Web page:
Breaking new ground with TM Falmouth
TM Falmouth is the oldest sibling of the Transforming Mission family that has rolled out across five areas in Cornwall: Camborne, Liskeard, St Austell and Truro. Like all older siblings, it’s the first to break new ground, to try to make sense of what it all means, make mistakes, pick itself back up and get back to leading the way for the rest of the family. Today, 3 years in, a pandemic and multiple lockdowns later, it’s growing up to be an inspiring example of what Transformation Mission is all about.
The jewel in the TM crown was always the Huddle café in the centre of Falmouth. When that had to close over last summer, there was a huge amount of sadness and thoughts of what next? Unfortunately, although a wonderful missional base that reached out into the community in so many creative ways, it simply did not make enough money to keep it running as a commercial enterprise. The lockdowns were the final straw and tough decisions had to be made, including making valued staff members redundant.
“Closing Huddle was an incredibly painful decision,” says Revd Sophie Chatten, Lead Minister of New Street. “But all is not lost. Far from it. Huddle remains an extraordinary resource from where worship continues, at least it will when lockdown finally ends, and gives us loads of opportunities to think how best to use this gift.”
Life after lockdown for Huddle
Similar to the pub recently bought by Holy Trinity in St Austell, Huddle is in a prime town centre location with the capacity to reach thousands of people. Plans include using it as a base for street pastors, Christians Against Poverty (CAP), developing a youth café and a hub for the work Bianca Parry will be doing in her new role as Community Engagement Lead. Bianca was the original Huddle café manager, then events coordinator. Like her husband Matt, she has become woven into the fabric of Falmouth, understanding how the different communities work together, the opportunities to connect and how best to communicate something meaningful. Having the Huddle space at the heart of her work presents great opportunities for access and engagement. As we come out of the pandemic a great many will be hurting. It’s not just the financial fallout and emotional impact of lockdowns, but the pain of grief and loss. Loss of loved ones, or jobs, missed opportunities or life plans put on hold or diverted. Huddle could be that safe space to help unpack some of those issues.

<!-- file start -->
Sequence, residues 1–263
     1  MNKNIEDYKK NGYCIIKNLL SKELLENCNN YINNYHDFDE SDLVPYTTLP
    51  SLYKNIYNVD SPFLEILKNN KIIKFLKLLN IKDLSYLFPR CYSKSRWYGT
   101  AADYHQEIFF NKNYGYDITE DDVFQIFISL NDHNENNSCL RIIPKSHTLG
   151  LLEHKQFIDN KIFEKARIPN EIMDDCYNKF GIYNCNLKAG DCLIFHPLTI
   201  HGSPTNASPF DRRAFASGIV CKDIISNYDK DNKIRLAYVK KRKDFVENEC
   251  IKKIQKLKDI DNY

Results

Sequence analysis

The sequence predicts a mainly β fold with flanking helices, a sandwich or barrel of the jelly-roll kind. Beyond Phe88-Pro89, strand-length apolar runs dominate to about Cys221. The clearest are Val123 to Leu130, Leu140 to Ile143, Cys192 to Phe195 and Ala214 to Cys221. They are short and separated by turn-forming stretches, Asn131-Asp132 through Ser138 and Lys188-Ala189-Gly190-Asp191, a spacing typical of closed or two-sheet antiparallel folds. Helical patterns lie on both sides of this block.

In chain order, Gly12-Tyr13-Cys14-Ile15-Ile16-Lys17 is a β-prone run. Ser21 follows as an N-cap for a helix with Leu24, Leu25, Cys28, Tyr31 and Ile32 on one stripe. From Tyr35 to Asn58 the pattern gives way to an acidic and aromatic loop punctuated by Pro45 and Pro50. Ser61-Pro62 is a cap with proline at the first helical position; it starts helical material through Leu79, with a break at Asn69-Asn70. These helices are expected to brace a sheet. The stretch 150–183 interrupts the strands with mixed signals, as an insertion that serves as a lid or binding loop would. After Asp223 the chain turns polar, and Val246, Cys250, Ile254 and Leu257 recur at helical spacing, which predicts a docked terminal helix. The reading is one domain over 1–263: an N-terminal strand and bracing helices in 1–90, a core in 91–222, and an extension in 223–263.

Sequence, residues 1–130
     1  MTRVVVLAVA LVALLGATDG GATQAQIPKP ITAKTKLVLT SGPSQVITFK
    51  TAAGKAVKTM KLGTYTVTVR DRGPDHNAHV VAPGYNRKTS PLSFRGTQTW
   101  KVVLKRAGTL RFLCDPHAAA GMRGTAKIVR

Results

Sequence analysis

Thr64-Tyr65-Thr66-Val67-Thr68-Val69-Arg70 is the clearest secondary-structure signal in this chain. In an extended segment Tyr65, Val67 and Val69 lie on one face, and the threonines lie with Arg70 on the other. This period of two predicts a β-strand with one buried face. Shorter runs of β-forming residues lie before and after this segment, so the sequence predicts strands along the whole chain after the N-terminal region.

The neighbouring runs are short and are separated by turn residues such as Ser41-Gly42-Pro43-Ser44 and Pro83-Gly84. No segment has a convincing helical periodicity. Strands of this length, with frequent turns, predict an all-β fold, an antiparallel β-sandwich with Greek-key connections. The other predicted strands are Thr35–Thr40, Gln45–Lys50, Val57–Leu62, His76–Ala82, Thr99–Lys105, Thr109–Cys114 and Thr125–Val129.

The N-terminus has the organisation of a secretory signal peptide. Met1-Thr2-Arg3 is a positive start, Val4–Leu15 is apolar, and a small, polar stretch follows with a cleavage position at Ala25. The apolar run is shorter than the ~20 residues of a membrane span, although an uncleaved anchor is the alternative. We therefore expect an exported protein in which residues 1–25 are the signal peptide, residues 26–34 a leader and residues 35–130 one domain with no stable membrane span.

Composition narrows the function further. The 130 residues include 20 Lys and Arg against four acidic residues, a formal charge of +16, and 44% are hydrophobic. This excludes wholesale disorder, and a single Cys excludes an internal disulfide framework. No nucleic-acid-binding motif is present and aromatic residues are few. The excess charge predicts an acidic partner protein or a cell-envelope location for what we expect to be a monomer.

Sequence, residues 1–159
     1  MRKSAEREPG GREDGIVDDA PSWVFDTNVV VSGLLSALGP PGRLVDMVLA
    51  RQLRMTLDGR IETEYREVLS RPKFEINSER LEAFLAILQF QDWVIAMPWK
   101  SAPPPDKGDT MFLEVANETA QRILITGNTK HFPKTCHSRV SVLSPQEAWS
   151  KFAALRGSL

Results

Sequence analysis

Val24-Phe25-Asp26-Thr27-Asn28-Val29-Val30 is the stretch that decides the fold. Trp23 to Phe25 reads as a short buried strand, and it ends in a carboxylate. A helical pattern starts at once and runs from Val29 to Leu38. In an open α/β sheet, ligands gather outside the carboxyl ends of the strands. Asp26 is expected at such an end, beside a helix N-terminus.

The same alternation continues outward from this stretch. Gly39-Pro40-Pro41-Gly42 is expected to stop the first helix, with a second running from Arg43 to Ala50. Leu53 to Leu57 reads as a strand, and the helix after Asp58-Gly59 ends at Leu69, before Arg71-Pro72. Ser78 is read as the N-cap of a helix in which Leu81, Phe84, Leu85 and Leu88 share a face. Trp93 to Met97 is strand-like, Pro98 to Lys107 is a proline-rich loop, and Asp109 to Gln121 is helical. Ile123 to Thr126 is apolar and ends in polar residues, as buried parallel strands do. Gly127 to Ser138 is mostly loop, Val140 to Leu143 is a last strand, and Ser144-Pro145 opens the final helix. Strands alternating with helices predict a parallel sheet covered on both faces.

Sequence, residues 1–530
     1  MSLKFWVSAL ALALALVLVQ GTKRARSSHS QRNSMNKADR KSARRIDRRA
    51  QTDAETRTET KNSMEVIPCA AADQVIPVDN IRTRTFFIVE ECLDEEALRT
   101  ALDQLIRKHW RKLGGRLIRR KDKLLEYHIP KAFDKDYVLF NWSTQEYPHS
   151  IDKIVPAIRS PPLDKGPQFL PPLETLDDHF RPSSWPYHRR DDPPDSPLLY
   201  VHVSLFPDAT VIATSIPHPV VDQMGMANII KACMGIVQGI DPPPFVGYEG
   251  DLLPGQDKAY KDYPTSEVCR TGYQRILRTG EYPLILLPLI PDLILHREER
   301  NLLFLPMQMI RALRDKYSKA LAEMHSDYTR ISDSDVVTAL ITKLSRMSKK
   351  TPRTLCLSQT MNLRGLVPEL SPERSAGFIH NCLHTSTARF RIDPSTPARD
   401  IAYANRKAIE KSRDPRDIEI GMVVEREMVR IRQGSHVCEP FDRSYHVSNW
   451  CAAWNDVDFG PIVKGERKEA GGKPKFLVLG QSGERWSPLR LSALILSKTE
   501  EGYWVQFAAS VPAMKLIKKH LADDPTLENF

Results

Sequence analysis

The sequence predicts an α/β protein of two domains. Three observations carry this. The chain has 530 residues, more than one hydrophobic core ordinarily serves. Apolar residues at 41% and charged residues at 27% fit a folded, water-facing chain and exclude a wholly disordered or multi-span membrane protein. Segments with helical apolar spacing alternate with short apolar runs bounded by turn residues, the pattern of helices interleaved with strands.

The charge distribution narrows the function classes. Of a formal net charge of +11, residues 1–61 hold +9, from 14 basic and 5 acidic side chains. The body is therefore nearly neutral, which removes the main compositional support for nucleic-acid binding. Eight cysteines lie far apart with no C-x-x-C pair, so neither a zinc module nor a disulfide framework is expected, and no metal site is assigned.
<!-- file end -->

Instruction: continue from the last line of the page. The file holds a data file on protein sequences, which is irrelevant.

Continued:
Community engagement and deanery focus for TM Falmouth
Community engagement is a high priority for the TM team in Falmouth. They have just come to the end of Hidden Voices, a training course to equip people about modern slavery. Run by the Clewer Initiative and administered and hosted by the TM team with Churches Together in Falmouth and Penryn and Transformation Cornwall, it was attended by people from different churches and groups across the county. “Modern slavery is on the rise. Lockdown has escalated the problem as the slavers target the vulnerable. It’s here, in Cornwall, and we all need to recognise the signs and know what to do when we see them,” says Sophie.
The work of TM Falmouth is so much wider than just the town. It’s a deanery resource that is being embraced across the Carnmarth South region. From Mawnan Smith, Mabe and Ponsanooth to Mylor, Flushing and St Gluvias in Penryn, the churches are all onboard. “Thankfully there is a strong sense of us all being in it together, which is really helpful and healthy. It isn’t just about the three churches in Falmouth. There is a lot of energy around the new church plant New Street and the existing All Saints and King Charles the Martyr, especially now that Rev Canon Bill Stuart-White is priest -in-charge of both. But we are resource churches, and we are here for the whole deanery.”